The density of a wrapped normal distribution is given by $$\frac{1}{\sigma \sqrt{2\pi} }\sum _{k=\infty }^{\infty }\text{Exp}\left[\frac{(\theta \mu 2\pi k)^2}{2\sigma^2}\right]$$ Considering two density functions $f(x),\ g(x)$ of a wrapped normal distribution with respective parameters $\mu_1,\ \mu_2$ and $\sigma_1,\ \sigma_2$, is the product $h(x)=f(x)g(x)$ a density function of a wrapped normal distribution?

$\begingroup$ The total mass usually isn't $1$. $\endgroup$– Douglas ZareJul 31 '12 at 13:22

$\begingroup$ Yes, it isn't. For the classical case of a normal distribution, it is possible to derive a formula for the new mass. I wonder whether there is a similar formula for the Wrapped Normal case. $\endgroup$– ostap benderJul 31 '12 at 16:06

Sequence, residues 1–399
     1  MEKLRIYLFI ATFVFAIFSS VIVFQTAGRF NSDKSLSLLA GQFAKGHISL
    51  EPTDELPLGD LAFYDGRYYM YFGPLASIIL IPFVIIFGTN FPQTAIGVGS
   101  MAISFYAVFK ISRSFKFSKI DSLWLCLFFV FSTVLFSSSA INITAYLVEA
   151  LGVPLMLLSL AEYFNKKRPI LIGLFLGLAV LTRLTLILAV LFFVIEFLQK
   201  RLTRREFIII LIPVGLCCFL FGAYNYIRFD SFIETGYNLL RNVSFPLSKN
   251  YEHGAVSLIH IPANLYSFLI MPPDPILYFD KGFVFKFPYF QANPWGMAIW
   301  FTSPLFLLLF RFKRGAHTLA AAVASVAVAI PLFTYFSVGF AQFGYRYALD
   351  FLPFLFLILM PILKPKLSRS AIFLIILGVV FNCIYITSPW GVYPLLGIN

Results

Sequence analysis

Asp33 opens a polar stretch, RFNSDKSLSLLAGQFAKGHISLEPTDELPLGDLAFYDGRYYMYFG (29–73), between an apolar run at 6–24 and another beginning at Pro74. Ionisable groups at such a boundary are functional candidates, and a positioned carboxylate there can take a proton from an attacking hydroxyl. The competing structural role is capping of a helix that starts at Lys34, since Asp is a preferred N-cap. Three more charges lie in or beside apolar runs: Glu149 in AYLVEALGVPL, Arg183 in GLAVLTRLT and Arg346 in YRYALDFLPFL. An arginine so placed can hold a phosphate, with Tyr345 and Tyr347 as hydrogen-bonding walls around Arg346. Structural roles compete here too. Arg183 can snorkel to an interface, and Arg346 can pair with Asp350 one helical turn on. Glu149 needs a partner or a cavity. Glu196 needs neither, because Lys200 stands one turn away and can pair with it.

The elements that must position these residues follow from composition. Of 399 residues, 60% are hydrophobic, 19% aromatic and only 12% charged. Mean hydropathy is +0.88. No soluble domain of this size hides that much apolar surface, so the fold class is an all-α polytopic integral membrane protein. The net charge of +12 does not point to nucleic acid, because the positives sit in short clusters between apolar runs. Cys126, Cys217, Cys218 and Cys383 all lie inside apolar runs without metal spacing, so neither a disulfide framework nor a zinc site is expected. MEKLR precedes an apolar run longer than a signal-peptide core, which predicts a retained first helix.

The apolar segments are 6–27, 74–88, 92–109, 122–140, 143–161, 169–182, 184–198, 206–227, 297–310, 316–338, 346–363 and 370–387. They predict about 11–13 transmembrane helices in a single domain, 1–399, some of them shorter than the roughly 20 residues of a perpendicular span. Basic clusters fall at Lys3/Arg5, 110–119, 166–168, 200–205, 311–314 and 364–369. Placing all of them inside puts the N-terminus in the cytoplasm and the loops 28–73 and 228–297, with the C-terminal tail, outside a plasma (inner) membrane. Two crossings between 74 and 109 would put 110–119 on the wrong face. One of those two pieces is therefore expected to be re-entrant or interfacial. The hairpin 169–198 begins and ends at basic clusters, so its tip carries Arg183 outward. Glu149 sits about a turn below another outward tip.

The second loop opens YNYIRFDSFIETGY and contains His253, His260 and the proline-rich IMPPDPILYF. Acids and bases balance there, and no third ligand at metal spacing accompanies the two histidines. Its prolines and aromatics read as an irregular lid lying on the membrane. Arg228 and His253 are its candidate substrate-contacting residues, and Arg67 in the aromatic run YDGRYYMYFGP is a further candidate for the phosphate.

$\begingroup$ one way to check is by seeing if the product of two Jacobi Theta functions is again some kind of Jacobi theta function with "reasonable" parametersmight be good to tag this question with "specialfunctions" to attract the attention of special function experts. $\endgroup$– SuvritJul 31 '12 at 20:48

3$\begingroup$ If $\mu_1 = 0$ and $\mu_2 = \pi$ and $\sigma_1=\sigma_2$ then for generic values of $\sigma_1$ the product is bimodal, which I think can't happen for a wrapped normal density. $\endgroup$– Douglas ZareAug 1 '12 at 6:15

1$\begingroup$ Douglas' comment answers my question. Bimodality indeed can not happen in a wrapped normal distribution. Thus, the product of two wrapped normal densities is unfortunately not wrapped normal. $\endgroup$– ostap benderAug 1 '12 at 16:43
This is really a followup on Suvrit's comment. There are plenty of formulas for products of theta functions, many of them found in this Iowa State report. (see particularly page 7). Whether any of them answer the OP's question is for the OP to find out (and tell us...)